Livestock judging allows young people to develop decision-making skills while evaluating and selecting meat animals. They also learn more about the livestock industry as a whole. So, how do you “judge” livestock animals exactly? 4-H members learn how to assess the conformation, or body structure, and muscle of different breeds of beef cattle, sheep, goats, and swine in order to know which animals would be best in a breeding program or would make the most profit in a market situation. They also learn how to read and use performance data and genetic information to assist in the selection of breeding livestock. Eight total classes of animals are judged at the contest. 9th-12th grade 4-H members must also be able to explain verbally why they placed the class the way they did as an added challenge. This requires good public speaking skills as well.

DeKalb County was well represented at this very competitive event. If you are interested in learning more about livestock judging, or any other 4-H event, please call 615-597-4945 or email 4-H is the Youth Development program for University of Tennessee and Tennessee State University Extension. 4-H teaches leadership, citizenship, and life skills to more than 302,000 youth in grades 4-12. UT/TSU Extension provides equal opportunities in programs and employment through the cooperation of county, state, and federal governments.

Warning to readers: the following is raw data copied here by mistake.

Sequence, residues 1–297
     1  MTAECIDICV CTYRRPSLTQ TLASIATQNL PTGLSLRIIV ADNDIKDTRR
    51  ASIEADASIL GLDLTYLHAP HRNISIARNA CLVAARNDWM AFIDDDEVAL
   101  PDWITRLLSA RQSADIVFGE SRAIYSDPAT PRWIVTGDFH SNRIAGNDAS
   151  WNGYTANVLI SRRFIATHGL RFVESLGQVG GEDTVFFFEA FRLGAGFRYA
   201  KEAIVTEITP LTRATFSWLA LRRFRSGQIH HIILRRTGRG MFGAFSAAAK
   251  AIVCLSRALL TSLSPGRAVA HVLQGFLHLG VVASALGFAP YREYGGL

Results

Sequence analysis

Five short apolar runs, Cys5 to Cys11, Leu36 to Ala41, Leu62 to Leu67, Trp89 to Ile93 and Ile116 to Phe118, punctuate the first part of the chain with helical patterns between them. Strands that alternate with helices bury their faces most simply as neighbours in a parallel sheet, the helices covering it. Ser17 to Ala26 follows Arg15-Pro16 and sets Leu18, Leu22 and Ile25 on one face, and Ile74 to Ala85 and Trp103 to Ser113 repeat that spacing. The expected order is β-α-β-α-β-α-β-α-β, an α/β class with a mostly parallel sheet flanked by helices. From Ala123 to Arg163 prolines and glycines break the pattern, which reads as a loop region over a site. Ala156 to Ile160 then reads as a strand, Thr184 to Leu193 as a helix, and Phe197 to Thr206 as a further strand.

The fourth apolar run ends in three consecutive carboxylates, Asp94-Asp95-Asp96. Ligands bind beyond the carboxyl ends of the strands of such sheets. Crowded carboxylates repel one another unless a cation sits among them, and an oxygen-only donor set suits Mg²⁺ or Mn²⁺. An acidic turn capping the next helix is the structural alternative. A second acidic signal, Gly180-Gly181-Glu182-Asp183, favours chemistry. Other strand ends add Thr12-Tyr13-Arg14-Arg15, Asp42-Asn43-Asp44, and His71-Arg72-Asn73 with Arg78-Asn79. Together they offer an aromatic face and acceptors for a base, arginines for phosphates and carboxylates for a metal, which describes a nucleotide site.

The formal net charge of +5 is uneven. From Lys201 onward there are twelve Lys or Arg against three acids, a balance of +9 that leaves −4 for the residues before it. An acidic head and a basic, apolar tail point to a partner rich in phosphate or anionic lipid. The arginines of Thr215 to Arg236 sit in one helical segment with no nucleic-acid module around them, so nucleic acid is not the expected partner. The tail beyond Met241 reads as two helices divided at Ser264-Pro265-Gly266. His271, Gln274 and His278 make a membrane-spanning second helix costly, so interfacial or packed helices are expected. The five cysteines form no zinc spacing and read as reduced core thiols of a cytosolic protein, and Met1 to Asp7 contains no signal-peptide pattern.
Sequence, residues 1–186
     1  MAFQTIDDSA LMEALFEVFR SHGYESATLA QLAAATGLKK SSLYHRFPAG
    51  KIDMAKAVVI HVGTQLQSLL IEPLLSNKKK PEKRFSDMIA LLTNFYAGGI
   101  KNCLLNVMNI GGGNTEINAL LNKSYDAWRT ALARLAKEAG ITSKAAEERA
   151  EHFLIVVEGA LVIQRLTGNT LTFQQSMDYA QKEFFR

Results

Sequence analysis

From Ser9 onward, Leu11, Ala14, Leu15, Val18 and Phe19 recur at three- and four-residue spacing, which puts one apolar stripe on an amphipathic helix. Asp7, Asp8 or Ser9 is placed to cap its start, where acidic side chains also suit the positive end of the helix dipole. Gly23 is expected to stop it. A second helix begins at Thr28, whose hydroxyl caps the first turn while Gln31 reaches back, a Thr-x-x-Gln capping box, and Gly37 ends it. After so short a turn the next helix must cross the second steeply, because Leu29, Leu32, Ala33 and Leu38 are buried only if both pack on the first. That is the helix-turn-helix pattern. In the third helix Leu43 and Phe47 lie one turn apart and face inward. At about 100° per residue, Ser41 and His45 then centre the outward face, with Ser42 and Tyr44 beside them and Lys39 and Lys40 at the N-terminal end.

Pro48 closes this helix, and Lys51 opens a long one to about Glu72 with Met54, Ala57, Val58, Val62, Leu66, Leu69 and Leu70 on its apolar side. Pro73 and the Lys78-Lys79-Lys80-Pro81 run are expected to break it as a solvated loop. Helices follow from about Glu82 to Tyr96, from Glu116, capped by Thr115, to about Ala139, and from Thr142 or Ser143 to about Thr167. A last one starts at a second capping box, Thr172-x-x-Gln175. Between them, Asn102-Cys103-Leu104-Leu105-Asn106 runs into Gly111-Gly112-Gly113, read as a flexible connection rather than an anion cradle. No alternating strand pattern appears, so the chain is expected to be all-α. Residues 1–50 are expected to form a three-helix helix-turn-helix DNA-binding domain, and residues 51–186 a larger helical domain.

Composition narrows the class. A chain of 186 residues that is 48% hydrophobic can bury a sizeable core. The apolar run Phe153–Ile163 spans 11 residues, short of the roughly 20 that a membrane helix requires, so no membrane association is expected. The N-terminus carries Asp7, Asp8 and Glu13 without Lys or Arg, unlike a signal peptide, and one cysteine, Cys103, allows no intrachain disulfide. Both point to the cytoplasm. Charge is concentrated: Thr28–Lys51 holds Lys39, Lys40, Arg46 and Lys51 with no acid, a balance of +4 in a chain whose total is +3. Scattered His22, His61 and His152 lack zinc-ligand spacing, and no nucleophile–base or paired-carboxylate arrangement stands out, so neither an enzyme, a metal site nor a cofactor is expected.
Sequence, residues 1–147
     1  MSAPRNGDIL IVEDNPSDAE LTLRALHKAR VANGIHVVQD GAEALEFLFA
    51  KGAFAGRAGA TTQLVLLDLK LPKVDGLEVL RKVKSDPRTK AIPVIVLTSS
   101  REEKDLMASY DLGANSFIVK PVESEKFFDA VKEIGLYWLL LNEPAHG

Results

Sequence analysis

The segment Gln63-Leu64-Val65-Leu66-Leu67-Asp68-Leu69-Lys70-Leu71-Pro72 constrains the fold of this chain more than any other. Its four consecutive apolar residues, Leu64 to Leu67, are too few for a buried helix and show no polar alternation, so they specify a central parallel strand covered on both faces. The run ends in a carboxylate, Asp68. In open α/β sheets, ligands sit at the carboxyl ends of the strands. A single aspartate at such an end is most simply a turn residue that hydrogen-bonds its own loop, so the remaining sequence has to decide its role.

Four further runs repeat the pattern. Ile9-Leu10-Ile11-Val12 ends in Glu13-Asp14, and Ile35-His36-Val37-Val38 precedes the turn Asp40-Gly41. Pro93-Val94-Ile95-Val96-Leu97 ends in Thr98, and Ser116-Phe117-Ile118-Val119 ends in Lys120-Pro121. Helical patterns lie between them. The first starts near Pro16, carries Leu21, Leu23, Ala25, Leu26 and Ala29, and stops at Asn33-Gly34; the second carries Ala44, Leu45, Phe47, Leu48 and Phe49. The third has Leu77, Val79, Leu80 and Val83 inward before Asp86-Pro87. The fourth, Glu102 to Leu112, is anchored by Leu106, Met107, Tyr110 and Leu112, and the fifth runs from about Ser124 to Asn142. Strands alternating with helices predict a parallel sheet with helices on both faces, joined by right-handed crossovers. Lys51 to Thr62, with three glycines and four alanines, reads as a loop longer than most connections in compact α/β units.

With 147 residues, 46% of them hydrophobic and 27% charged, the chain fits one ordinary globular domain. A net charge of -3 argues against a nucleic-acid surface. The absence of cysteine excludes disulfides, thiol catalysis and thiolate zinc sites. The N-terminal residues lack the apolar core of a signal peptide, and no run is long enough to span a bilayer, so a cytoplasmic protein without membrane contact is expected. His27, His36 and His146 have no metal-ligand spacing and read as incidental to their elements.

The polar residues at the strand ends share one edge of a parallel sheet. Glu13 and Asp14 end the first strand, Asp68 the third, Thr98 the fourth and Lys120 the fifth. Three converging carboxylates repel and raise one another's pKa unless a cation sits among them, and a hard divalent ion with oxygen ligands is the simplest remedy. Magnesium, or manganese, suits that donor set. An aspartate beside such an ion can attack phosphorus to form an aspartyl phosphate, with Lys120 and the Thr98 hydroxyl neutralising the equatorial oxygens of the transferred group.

Photo Captions

Livestock Team
DeKalb County 4-H members competed at the Central Region Livestock Judging Contest. Back row: Jenna Cantrell, Caitlyn Lawrence, PJ Ray, Kayla Belk, and Colby Barnes. Front row: Elizabeth Seber, Ansley Cantrell, Macey Cox, Caleb Parham, and Lily Martin

Jr. Team: Macey Cox, Colby Barnes, Ansley Cantrell, & Caleb Parham (not pictured) placed 4th out of 23 teams at the Regional livestock judging contest. Colby was 2nd place high individual.

Hargrave Charged with Disorderly Conduct

April 21, 2016
Dwayne Page
James Allen Hargrave

An intoxicated man whose home was destroyed by fire Monday has been charged with disorderly conduct after making threats toward first responders on the scene that evening.

54 year old James Allen Hargrave of Four Seasons Road, Smithville is scheduled to make a General Sessions Court appearance on the charge Thursday, April 21. His bond is $1,500.

Sheriff Patrick Ray said that on Monday, April 18 a deputy responded to 3323 Four Seasons Road on a fire call. Upon arrival the officer found Hargrave highly intoxicated. Hargrave refused to obey the deputy’s commands while he was in close proximity to a fire scene. Hargrave then engaged in threatening activities toward first responders on the scene by trying to hit them and get into their faces.